Trusting God’s Timing and Provision
Updated: Jun 28
By: Andrew Dealy
"When he had seized him, he put him in prison, delivering him over to four squads of soldiers to guard him, intending after the Passover to bring him out to the people. So Peter was kept in prison, but earnest prayer for him was made to God by the church. Now when Herod was about to bring him out, on that very night, Peter was sleeping between two soldiers, bound with two chains, and sentries before the door were guarding the prison. And behold, an angel of the Lord stood next to him, and a light shone in the cell. He struck Peter on the side and woke him, saying, “Get up quickly.” And the chains fell off his hands" (Acts 12:4-7).
God’s timing usually feels a bit off, if not late, to us. Yet, we know His timing is authored in perfect love. Therefore, it is helpful to remember that God’s timing of deliverance tends to occur when hope has all but disappeared. In those moments, God’s deliverance can most clearly be attributed to no other means than His supernatural intervention. When we have given up on our strength and ability to remedy our situation, God’s indomitable strength reveals itself as sufficient for any circumstance.
Resting on Faith
Peter finds himself in an end-of-yourself type of moment. In prison, shackled, sitting with guards at his side and at the door, there was no natural strategy for escape. He was stuck unless something greater than himself intervened. Notice, though, what Peter is doing: He is sleeping. Can you imagine? Would you be sleeping? Trapped, shackled, and sitting beneath the weight of a death sentence, Peter snores.
Perhaps he was just that exhausted, but one can’t help but wonder if, in this moment, Peter’s faith is shining through. As Jesus slept on a cushion in the storm-tossed boat, so also Peter rests despite being chained and surrounded by his enemies. Both display a peace in the face of danger that hints at a hidden bedrock of faith, unshakable by the things of this world.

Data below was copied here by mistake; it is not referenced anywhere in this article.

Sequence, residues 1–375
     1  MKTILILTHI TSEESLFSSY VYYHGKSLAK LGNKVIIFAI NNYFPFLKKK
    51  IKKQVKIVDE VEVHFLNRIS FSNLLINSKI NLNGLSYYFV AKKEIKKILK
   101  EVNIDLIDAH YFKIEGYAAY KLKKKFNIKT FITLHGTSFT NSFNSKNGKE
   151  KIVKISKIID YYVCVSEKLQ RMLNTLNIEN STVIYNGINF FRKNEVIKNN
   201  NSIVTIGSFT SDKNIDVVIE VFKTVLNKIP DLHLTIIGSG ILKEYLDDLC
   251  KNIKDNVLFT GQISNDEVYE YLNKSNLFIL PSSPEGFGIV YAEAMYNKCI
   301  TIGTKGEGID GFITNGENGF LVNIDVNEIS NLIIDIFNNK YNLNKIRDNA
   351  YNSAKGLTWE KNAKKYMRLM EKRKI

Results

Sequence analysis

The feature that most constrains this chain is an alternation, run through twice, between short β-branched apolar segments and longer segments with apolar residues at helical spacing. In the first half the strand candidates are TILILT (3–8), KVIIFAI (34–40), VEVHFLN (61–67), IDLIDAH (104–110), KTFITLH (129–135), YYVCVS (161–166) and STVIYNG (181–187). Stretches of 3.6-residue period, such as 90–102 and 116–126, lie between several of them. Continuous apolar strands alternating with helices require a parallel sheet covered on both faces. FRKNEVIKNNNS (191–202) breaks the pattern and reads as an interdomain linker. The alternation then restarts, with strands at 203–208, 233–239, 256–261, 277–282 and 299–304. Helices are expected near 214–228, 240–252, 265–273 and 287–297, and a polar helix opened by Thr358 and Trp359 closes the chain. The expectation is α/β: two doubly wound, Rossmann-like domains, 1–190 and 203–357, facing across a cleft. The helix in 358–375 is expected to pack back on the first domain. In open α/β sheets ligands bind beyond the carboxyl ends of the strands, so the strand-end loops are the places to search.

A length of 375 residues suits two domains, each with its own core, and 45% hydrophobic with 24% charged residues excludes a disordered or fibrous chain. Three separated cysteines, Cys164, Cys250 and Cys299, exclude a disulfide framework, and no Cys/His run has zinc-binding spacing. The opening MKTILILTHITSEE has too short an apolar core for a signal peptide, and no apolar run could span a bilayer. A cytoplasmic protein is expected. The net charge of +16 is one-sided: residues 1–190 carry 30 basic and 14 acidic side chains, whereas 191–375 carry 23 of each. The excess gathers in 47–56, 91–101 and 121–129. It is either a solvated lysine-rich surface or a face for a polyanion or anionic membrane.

Oh, that our counselees (and ourselves) would know this kind of peace in the middle of peril! That our counsel would consistently guide our counselees to set their feet upon the Rock of their salvation. That in knowing, loving, and trusting God, the fear of the things of this world would diminish and disappear.
The Light of Rescue
Peter’s sleep is interrupted as light shines into the cell. Apparently, only Peter is able to see it, as no one else wakes. This moment reflects a hard but helpful truth for us to remember. The light of the Lord is only discerned by those for whom God has lifted the veil. We cannot, by our power, persuasion, or wit, lift this veil. Only God can bring to life what is dead, and only God is able to awaken our spiritual sight so that we might see Him as He is and know the truth of the gospel for what it is: everything. Peter sees the light because He is God’s child.